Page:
Being partially of Armenian descent, I was very interested in all of this. It gives me a better sense of my roots, what my ancestors did, and where they worshipped.
But what made the greatest impression of all were the stained glass windows. The sunlight that shone through the blue in them cast blue dots all over the church. It is a beautiful sight.
When I left the church, I was back in the hectic environment that is Calcutta. But I was peaceful inside.
I pray that this church will remain for many generations to come.
The Ghat at Belur Math
CALCUTTA (December 11) — This time I visited the ghat at Belur Math on the Hooghly [sometimes speeled Hugli] River, a branch of the Ganges that flows through Calcutta. [In India, a ghat is a set of wide steps that descend to a river used for bathing.]
I sat on a wall near the steps leading down to the river. My very first impression of the Hooghly was that it is a muddy, dirty, polluted river. Then, after a few minutes, I started to change my thinking. I saw flowers on the shore, and also pots, some trash, and food. The thing that convinced me was the way the people treat the river.
On entering the water, they wave their arms around in a circle to clear any trash away from them. Then, they press their palms together in prayer, and finally, they duck their heads below the surface. After that each one does what he or she needs to do, like wash their hair, clean their children, or just swim around. I was particularly impressed watching a child, about four years old, getting a bath. He was naked, and as his dad poured water over him, the boy shook himself, and rubbed his body vigorously. It was apparent he was enjoying the experience totally.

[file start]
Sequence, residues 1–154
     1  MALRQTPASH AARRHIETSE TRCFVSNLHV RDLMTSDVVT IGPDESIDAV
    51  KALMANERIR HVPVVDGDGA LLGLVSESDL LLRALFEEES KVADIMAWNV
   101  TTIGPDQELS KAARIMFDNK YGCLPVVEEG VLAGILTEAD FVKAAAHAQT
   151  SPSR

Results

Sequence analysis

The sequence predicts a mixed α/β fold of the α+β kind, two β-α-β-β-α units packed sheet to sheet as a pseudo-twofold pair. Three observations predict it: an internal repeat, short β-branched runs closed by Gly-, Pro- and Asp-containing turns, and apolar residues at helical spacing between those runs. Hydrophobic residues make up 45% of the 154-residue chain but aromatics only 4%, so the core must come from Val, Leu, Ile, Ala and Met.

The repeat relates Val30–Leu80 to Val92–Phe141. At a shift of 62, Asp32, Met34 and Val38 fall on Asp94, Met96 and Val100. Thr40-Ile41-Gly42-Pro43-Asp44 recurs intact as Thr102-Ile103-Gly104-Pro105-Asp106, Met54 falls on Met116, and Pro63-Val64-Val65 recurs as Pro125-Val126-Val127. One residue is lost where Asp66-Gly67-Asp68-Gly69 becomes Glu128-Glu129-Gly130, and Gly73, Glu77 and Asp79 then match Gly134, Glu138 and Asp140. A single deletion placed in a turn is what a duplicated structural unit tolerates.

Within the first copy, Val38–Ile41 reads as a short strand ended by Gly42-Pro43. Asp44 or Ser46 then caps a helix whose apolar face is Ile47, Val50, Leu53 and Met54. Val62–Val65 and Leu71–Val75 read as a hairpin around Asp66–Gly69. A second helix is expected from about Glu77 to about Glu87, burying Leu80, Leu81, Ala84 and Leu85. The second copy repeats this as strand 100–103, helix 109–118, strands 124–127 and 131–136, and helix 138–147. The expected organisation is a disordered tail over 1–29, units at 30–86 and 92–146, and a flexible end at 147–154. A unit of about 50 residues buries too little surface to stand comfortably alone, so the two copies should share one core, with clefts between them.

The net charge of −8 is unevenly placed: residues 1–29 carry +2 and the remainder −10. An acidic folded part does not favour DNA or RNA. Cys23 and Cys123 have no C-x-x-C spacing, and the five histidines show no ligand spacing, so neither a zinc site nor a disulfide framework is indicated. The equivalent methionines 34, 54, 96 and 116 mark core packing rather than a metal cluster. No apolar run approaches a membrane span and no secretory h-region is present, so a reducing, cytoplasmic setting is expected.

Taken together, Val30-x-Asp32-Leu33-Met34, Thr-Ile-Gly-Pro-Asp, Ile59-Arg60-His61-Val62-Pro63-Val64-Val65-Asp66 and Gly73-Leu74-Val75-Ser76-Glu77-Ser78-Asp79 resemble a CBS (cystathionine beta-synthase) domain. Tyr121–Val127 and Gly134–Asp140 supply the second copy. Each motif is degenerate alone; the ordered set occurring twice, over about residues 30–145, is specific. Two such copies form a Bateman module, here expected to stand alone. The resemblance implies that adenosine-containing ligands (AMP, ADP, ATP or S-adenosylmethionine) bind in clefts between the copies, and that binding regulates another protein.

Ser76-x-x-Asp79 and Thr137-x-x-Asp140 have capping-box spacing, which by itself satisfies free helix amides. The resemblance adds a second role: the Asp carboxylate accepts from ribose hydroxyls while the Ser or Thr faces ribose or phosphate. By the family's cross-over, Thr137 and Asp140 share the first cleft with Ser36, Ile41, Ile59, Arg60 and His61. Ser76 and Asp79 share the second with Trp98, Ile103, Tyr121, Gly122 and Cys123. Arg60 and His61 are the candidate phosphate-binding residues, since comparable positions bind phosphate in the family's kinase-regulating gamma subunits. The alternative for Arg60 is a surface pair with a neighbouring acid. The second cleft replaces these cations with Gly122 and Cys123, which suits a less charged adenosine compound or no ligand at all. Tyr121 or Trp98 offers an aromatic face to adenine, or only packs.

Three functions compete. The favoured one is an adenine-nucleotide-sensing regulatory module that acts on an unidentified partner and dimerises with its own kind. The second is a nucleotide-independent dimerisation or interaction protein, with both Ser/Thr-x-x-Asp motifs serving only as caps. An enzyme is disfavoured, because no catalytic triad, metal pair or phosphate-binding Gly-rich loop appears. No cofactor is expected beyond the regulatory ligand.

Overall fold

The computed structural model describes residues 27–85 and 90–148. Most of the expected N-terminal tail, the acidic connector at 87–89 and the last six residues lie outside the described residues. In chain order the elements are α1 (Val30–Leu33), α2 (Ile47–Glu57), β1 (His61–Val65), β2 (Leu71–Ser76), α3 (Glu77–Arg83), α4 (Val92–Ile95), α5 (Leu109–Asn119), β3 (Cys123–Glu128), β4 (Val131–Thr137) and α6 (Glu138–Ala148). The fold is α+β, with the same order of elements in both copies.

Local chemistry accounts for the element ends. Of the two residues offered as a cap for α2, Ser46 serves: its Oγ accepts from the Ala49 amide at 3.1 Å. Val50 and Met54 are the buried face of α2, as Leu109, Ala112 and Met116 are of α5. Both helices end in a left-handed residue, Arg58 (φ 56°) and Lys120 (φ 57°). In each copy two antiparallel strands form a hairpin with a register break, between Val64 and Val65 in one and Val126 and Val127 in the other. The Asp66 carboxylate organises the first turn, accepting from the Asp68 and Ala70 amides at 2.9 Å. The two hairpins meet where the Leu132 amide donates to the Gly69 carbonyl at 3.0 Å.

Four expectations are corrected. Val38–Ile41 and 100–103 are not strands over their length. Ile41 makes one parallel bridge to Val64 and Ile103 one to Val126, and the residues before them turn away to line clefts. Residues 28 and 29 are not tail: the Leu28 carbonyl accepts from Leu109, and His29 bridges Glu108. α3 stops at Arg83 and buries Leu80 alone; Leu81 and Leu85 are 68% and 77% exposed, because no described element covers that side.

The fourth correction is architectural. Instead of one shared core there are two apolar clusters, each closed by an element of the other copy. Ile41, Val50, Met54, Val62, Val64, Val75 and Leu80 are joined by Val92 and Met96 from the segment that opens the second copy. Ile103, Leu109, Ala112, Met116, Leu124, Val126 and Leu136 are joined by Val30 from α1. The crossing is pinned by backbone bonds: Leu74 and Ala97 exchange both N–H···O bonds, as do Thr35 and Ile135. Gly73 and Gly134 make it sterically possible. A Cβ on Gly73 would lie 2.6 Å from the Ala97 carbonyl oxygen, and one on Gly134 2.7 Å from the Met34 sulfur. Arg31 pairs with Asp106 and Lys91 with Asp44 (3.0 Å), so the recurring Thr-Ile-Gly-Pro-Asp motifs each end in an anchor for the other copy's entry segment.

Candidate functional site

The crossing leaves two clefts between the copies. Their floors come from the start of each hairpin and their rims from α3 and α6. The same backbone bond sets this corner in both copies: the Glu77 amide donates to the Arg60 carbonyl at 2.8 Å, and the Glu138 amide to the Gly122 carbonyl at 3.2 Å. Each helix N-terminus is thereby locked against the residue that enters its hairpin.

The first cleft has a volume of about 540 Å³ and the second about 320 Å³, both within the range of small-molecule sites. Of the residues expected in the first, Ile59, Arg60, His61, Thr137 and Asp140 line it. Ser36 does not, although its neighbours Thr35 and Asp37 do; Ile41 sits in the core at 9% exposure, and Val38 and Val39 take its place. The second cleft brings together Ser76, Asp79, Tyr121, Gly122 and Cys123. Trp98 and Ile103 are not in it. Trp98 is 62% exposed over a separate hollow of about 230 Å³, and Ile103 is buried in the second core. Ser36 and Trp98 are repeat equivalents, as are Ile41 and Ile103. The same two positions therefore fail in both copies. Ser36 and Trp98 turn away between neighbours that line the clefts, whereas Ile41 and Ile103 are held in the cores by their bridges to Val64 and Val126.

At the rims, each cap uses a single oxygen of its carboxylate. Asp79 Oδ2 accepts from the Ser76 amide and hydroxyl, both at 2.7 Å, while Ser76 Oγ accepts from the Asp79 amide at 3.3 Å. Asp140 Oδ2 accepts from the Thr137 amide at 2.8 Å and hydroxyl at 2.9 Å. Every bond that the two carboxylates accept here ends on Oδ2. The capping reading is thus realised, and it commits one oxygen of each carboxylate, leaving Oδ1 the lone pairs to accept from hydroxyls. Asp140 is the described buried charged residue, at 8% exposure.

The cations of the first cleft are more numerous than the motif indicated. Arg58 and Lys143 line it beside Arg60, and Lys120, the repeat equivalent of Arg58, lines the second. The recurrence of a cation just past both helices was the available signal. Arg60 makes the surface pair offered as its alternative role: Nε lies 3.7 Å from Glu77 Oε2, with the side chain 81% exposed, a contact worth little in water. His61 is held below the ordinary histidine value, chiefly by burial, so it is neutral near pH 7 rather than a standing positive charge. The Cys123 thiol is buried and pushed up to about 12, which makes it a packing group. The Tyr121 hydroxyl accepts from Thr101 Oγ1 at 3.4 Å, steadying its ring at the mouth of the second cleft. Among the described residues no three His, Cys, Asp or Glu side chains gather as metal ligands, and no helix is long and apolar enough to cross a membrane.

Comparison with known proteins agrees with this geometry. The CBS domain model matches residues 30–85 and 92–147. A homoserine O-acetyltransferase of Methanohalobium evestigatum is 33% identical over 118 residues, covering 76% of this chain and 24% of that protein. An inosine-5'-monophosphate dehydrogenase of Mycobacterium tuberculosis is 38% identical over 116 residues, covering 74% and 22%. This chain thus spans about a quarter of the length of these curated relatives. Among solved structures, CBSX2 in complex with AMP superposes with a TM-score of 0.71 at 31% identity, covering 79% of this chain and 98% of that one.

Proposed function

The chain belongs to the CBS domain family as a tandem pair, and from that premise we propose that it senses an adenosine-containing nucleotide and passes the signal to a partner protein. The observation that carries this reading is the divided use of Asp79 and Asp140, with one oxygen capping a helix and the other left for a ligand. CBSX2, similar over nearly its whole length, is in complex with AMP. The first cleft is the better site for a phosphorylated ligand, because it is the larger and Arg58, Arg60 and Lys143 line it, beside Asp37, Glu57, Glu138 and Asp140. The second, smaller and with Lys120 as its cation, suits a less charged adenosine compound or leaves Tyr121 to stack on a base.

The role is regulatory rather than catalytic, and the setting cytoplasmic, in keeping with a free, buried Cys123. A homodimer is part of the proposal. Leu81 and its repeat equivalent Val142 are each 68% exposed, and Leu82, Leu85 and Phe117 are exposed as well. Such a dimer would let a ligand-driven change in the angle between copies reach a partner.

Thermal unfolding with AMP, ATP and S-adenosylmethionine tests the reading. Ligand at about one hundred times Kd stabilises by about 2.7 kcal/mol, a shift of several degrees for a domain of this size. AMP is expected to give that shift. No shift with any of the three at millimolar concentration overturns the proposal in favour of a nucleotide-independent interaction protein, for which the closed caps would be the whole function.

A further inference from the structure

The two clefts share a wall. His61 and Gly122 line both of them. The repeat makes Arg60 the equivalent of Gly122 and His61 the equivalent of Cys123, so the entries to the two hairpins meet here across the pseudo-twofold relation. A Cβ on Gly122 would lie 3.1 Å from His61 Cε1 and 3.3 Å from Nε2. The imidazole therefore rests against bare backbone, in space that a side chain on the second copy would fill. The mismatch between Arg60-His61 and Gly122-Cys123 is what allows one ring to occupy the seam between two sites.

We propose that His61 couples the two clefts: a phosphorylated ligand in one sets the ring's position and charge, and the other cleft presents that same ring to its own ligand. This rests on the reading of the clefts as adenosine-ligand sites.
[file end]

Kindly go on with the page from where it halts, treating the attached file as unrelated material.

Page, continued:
There were never many people in the water at any one time. But as soon as some would leave, others came to replace them. My feelings were that to them the water is a blessing, and it is, for anyone can bathe here. They are free to wash their hair, brush their teeth, the list goes on. It really helps because people have a bath waiting for them any time they want.
An important reason they choose to bathe here in particular is that it is in Belur Math, the holy site. This may explain why the people seem to worship the water.
I think that the Hooghly is a blessing to this area, and it showed me what an influence a river can be.
The People of Calcutta
SARASOTA FL (January 17) — One thing that fascinated me about Calcutta is the people’s devotion to their religion.
Taxi drivers have little shrines on their dashboard. Shop owners all pray each morning for good business. Lots of people have something in their homes they give offering to. You can also find shrines in the street, where everybody offers things to it. Also, there are holy men who walk around the streets when they are not in prayer.
This lifestyle is not limited to Calcutta. Many people in New Delhi, Agra, and Bombay, and so on, have the same feeling about their religon. Perhaps it is this devotion that has allowed the peoples of India to achieve such amazing feats.
They raised some of the biggest temples and mosques in the world. Not only that, but often they outnumber the tourists at these places. This could be the main reason India’s great number of diverse peoples are able to live amongst each other so well.